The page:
Earth Matters

Every two weeks, the Hitchcock Center publishes a column, "Earth Matters: Notes on the Nature of the Valley," in The Daily Hampshire Gazette. Writers include Hitchcock staff and board members, former board members, presenters in our Community Programs series, and friends of the Center. Look for the column at the end of Section C of the weekend Gazette or on their website. We will keep a complete list on this site, so if you miss seeing a column in the newspaper, or want to see it again, come here at any time.

How do animals live through our winters?

By Ted Watt For the Gazette

Each year as autumn advances I find myself amazed anew by the ongoing cycle of life in the face of approaching sub-freezing temperatures. Water, the facilitator of life processes, freezes solid and life-giving processes cease. Dormancy, hibernation, migration — there are so many strategies by which life manages this potential catastrophe.

Published in Earth Matters on December 15, 2017.

The case of the songless songbird: Cedar waxwings

By David Spector

Now is a good time to get outside to look for cedar waxwings, a striking songbird with an interesting story. Indeed, any time is a good time, as they are here year-round and always interesting, both for what they do and for what they don’t do.

Published in Earth Matters on December 1, 2017.

When do we find our place in the landscape?

by John Stinton for the Gazette

I recently went cycling with a friend who told me that he’d had a wondrously strange experience — the world around him suddenly became intensely bright and immediate to his senses. How could that be, he asked? After 70 years of living, what had he been missing?

Published in Earth Matters on November 17, 2017.

In memoriam, Elizabeth Farnsworth, writer, illustrator, scientist, naturalist

By Michael Dover For the Gazette

Elizabeth Farnsworth died suddenly at the end of October. I’m certain that anyone who has read even one or two of her many Earth Matters columns shares my sadness of this momentous loss.

Published in Earth Matters on November 3, 2017.

How seeds survive the winter

By Elizabeth Farnsworth For the Gazette

In an “Earth Matters” column this August, I marveled at the myriad methods by which seeds get around. Imagine you’re a seed that has traveled far and landed in a happy place, rich in soil and free of other competing plants. Now you face a new challenge as the days shorten and the weather gets colder. How will you survive the winter?

Published in Earth Matters on October 20, 2017.

Giants among us (silkworm moths, that is)

By Joshua Rose For the Gazette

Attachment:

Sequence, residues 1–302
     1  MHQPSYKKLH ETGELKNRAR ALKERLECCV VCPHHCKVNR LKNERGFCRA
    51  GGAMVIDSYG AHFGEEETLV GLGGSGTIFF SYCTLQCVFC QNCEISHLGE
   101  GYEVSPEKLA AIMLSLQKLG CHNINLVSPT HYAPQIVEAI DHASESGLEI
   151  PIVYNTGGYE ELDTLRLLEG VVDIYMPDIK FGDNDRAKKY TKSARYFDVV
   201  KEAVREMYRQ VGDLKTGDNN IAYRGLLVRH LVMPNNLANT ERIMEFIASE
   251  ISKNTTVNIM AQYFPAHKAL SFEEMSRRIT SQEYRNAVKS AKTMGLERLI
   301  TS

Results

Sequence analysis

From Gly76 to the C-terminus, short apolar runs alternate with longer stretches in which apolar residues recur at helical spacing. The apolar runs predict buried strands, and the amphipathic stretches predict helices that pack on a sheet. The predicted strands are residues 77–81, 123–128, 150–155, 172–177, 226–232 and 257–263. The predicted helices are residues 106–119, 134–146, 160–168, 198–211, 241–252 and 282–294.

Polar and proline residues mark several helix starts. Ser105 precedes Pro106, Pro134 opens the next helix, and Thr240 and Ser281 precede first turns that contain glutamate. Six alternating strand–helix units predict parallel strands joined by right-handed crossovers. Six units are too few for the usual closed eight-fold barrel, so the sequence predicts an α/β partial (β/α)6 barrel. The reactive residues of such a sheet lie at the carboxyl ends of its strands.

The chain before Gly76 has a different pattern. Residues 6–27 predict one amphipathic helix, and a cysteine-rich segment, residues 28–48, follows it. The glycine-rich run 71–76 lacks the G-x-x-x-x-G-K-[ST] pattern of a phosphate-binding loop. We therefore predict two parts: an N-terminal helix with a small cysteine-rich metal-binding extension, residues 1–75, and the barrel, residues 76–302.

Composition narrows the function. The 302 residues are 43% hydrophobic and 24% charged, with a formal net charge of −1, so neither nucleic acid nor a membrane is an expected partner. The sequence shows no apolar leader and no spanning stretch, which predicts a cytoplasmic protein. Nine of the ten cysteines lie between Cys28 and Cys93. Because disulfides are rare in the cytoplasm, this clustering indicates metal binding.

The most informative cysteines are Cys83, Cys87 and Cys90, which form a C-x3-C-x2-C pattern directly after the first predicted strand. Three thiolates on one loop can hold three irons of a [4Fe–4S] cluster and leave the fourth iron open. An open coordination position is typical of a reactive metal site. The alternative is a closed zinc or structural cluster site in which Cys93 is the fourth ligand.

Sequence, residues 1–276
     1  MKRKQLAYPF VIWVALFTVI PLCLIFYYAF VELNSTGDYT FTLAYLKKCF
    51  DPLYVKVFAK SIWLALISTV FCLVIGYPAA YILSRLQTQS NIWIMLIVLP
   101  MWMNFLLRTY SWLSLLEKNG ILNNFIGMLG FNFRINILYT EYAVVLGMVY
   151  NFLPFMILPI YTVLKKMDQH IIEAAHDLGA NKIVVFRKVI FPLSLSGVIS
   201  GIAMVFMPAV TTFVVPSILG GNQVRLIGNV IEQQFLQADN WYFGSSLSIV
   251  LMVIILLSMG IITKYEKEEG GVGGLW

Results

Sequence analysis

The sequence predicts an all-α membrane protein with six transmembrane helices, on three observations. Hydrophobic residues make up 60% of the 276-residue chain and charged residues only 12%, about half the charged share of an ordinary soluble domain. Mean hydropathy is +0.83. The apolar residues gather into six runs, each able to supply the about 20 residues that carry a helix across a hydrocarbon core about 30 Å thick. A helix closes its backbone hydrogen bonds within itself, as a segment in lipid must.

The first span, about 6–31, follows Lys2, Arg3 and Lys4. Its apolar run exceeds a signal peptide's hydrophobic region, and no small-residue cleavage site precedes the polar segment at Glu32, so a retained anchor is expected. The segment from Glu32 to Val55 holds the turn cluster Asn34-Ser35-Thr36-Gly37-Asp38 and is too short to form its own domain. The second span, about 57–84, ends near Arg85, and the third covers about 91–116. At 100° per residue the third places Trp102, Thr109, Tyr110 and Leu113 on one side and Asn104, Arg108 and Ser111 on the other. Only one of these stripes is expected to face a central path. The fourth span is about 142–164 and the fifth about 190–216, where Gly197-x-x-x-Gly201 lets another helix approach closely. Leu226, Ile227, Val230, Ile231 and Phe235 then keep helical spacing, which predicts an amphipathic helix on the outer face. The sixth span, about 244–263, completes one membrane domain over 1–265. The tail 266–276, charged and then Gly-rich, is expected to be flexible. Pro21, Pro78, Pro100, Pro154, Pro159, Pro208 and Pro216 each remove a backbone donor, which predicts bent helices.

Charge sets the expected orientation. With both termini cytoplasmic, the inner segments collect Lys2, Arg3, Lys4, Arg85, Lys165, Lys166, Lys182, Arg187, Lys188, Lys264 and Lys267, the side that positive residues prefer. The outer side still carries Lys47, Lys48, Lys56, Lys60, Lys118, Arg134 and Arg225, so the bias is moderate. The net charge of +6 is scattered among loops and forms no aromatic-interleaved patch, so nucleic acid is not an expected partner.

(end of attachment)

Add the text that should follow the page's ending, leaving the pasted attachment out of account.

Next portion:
Being a naturalist means regularly receiving messages asking “What is this thing?”

I received one on June 1 from a fellow Hampshire Bird Club member. Her husband was doing tree work on a town common, and photographed a huge moth nearby. I recognized it as a polyphemus moth (Antheraea polyphemus), a member of the family Saturniidae, the giant silkworm moths.

Published in Earth Matters on October 6, 2017.

A naturalist contemplates hunting

By Lawrence J. Winship For the Gazette

Some months back I talked with a friend about the challenges of growing vegetables in the Pioneer Valley and ways to deal with deer and woodchucks. Despite all attempts at fencing and repellent, entire sections of her garden were destroyed — just too many hungry mouths, leaving little for her family.

Published in Earth Matters on September 22, 2017.

Talking about climate change: What Buddhist teachings offer

By Mark D. Hart For the Gazette

I wince a little when I recall an email exchange with an old college friend. He responded to my annual Christmas letter, where I had revealed my political involvement against climate change. It turns out he is a “climate skeptic” and has written articles for conservative journals.

Published in Earth Matters on September 8, 2017.

Marveling at the wondrous power of seeds

By Elizabeth Farnsworth

Seeds are the beginning of life for so many of the plants that give humanity life: the oxygen we breathe, the food we eat, the medicines that save us from disease. I am awed by all of nature, but nothing speaks to me of the miraculous so much as a seed.

Published in Earth Matters on August 25, 2017.

‘What is a bird?’ Easy question, complicated answer

By Henry Lappen

When I do my educational performance “A Passion for Birds,” I always ask the audience “What is a bird?” Depending on the age of the audience, I get quite a variety of answers. Someone usually starts with “It’s a flying animal.” I respond by pointing out, “Under that definition, bees and bats are birds.”

Published in Earth Matters on August 14, 2017.
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